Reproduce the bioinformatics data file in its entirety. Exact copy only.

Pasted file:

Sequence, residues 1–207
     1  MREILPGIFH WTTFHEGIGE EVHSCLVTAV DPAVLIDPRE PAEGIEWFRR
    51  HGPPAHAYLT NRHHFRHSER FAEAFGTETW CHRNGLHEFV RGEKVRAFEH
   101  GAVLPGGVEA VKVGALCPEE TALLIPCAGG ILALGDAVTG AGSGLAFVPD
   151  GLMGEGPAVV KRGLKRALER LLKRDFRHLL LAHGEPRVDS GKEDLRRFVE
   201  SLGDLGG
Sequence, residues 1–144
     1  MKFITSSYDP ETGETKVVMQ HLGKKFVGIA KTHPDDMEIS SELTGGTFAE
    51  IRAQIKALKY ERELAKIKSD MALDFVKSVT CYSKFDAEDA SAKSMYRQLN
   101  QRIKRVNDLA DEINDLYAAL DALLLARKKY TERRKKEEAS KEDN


Sequence, residues 1–207
     1  MREILPGIFH WTTFHEGIGE EVHSCLVTAV DPAVLIDPRE PAEGIEWFRR
    51  HGPPAHAYLT NRHHFRHSER FAEAFGTETW CHRNGLHEFV RGEKVRAFEH
   101  GAVLPGGVEA VKVGALCPEE TALLIPCAGG ILALGDAVTG AGSGLAFVPD
   151  GLMGEGPAVV KRGLKRALER LLKRDFRHLL LAHGEPRVDS GKEDLRRFVE
   201  SLGDLGG
Sequence, residues 1–144
     1  MKFITSSYDP ETGETKVVMQ HLGKKFVGIA KTHPDDMEIS SELTGGTFAE
    51  IRAQIKALKY ERELAKIKSD MALDFVKSVT CYSKFDAEDA SAKSMYRQLN
   101  QRIKRVNDLA DEINDLYAAL DALLLARKKY TERRKKEEAS KEDN